Giving medicines by mouth:
Oral administration is the most commonly used method of giving medicines. It is the most simple and economical method.
1. Bowl of clean water.
2. Drinking water in a container.
3. Measuring glasses.
4. Glass rod to mix medicines (or a spoon in the home)
5. Small motar and pestle to crush tablets.
6. Towel to wipe the medicine bottles and medicine glasses
7. Medicine glasses.
8. Small container or spoon to carry tablets.
Written orders for medicines to be given (charts or medicine cards)
Give your full attention to this work.
Read the orders, find the medicine and check that what is written on the label agrees with the medicine ordered.
Shake the bottle before pouring a mixture. Hold the bottle with label on the upper side.
Hold the measuring glass in your other hand so that the mark of the amount ordered is at the eye level, while pouring the medicine. Pour the exact amount carefully.
Wipe the mouth of the bottle, replace the cork and read the label again while replacing the bottle.
Pour the dose into the medicine glass and administer to the correct patient.
If the drug is in tablet, pill or capsule form put them into a small container with spoon or paper.
Tablets may be powdered by crushing in the motar and pestle if necessary give water before and after putting the powder into the patient' s mouth.
Always give medicines you have prepared yourself. Offer medicine to the patient followed by water to drink. Stay with the patient until the medicine is swallowed. If the patient does not take the medicine, inform the medical officer.
Record medicines only after you have given them and never before. The person who gave the medicine must record it herself and initial it.
Leave all the articles clean and in order.
In the villages when you give a bottle of mixture or pills etc to any one make sure that they understand how and where to keep them. For example TID means medicines should be taken one dose in the morning, one in the afternoon and one at night. QID means four doses each day, one in the morning, one at mid-day, one in the evening and one at night.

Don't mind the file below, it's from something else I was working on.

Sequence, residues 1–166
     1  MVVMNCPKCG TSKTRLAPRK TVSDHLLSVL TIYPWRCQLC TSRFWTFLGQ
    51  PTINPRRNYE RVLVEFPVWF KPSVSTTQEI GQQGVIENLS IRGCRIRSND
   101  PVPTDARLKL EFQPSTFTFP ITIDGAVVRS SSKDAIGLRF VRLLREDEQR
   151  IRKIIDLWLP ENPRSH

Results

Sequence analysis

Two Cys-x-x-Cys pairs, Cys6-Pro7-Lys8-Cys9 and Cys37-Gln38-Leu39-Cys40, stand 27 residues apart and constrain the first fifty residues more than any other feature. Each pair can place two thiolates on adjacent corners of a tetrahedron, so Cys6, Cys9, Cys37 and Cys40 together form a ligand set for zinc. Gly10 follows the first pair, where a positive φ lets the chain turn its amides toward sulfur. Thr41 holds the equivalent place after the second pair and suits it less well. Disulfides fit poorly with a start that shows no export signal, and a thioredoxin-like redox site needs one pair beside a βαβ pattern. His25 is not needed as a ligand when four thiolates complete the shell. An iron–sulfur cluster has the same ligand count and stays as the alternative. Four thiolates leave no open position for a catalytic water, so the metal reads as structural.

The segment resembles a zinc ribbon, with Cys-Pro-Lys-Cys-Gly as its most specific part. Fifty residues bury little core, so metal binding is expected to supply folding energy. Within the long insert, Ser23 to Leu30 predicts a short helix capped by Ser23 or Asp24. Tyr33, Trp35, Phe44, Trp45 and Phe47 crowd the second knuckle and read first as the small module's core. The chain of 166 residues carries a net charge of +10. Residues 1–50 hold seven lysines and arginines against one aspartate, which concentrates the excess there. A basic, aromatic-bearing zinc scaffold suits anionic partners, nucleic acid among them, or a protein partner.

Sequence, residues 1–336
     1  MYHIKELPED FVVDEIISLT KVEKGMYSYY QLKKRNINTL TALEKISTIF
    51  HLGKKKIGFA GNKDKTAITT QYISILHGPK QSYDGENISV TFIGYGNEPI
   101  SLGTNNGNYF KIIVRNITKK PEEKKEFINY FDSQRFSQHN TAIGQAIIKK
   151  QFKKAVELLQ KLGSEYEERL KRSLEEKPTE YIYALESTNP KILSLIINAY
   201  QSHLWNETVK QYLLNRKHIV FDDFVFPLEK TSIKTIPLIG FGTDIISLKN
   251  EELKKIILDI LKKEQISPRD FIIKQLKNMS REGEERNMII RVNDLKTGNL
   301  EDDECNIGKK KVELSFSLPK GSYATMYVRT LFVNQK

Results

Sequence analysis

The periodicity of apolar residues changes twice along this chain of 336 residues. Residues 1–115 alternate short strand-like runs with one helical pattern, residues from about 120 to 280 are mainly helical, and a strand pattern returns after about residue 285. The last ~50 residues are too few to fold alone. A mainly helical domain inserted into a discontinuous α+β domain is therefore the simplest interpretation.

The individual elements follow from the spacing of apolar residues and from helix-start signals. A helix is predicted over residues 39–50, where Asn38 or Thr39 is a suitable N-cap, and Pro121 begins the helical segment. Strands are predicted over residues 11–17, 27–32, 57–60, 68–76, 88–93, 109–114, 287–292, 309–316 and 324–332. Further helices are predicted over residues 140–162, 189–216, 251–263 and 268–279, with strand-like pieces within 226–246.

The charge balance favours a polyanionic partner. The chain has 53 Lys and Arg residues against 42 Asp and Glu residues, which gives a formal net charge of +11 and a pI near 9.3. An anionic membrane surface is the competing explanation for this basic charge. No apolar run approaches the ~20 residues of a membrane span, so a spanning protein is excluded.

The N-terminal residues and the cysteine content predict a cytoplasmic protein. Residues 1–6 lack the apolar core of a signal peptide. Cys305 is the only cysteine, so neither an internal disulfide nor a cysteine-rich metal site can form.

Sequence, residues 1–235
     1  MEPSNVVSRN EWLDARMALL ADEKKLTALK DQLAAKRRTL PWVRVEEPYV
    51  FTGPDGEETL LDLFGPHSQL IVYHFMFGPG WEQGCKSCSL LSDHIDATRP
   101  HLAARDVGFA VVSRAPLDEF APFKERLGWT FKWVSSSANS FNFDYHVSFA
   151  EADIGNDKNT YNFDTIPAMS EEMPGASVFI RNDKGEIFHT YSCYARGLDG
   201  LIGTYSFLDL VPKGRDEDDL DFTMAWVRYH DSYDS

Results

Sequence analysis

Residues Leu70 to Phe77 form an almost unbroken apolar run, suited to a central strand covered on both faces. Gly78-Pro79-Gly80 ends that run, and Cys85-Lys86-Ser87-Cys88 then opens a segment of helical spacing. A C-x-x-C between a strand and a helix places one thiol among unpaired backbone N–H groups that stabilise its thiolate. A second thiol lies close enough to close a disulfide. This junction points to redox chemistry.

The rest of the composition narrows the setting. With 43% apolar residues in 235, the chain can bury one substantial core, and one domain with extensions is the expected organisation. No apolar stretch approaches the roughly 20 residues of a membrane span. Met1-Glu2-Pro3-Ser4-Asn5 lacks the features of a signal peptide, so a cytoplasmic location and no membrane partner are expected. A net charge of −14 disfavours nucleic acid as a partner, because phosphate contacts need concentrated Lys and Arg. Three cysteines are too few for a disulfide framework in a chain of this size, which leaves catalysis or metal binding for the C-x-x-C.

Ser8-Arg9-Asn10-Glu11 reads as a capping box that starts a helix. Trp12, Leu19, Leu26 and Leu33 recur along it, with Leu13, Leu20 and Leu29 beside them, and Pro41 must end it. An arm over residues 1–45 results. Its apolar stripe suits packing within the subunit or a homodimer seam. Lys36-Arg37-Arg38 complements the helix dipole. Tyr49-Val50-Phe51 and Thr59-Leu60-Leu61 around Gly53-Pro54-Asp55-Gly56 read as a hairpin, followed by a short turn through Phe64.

When giving aspirin, iron pills or vitamin pills tell the person to take it together with or soon after meals to avoid stomach upset.
Antacids are better taken when the stomach is empty.
Giving medicine to children:
Take great care in measuring the correct dose.
Liquid medicines should have a syrup base or made sweet by mixing it with honey or sugar.
Tablets should be crushed for easy swallowing. Never mix the medicine in milk or food as the child may develop a dislike for the food.
The child should be sitting or have the head and shoulders raised. The medicines may be given by the mother or by a nurse who has won the confidence of the child.
Never destroy the child' s trust by saying the medicines tastes well if it does not.. If the child takes the medicine well praise him. Never hold the child' s nose nor use force as the child may aspirate the medicine. Encourage the child to drink by himself or herself or to hold the spoon along with you.
Report to the doctor if the child always struggles and refuses a certain medicine or vomits it.
The important points to be remembered are as follows